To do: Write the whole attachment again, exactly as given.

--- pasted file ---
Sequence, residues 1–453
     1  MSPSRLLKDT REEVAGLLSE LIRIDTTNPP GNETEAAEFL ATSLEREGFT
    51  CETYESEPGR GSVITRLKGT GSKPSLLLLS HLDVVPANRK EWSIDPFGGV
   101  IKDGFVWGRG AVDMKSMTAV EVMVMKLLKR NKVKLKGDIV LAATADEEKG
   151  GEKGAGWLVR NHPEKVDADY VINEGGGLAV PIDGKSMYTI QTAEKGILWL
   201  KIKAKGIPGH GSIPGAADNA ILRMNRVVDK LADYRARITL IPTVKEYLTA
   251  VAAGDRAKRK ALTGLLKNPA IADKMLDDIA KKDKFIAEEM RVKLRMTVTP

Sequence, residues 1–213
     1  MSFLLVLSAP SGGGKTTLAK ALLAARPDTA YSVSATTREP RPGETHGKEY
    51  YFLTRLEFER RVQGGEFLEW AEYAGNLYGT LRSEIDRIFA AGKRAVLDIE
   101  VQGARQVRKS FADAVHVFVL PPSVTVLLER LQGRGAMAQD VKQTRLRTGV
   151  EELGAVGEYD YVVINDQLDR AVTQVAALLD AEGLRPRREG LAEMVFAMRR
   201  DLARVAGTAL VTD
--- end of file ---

Sequence, residues 1–453
     1  MSPSRLLKDT REEVAGLLSE LIRIDTTNPP GNETEAAEFL ATSLEREGFT
    51  CETYESEPGR GSVITRLKGT GSKPSLLLLS HLDVVPANRK EWSIDPFGGV
   101  IKDGFVWGRG AVDMKSMTAV EVMVMKLLKR NKVKLKGDIV LAATADEEKG
   151  GEKGAGWLVR NHPEKVDADY VINEGGGLAV PIDGKSMYTI QTAEKGILWL
   201  KIKAKGIPGH GSIPGAADNA ILRMNRVVDK LADYRARITL IPTVKEYLTA
   251  VAAGDRAKRK ALTGLLKNPA IADKMLDDIA KKDKFIAEEM RVKLRMTVTP

Sequence, residues 1–213
     1  MSFLLVLSAP SGGGKTTLAK ALLAARPDTA YSVSATTREP RPGETHGKEY
    51  YFLTRLEFER RVQGGEFLEW AEYAGNLYGT LRSEIDRIFA AGKRAVLDIE
   101  VQGARQVRKS FADAVHVFVL PPSVTVLLER LQGRGAMAQD VKQTRLRTGV
   151  EELGAVGEYD YVVINDQLDR AVTQVAALLD AEGLRPRREG LAEMVFAMRR
   201  DLARVAGTAL VTD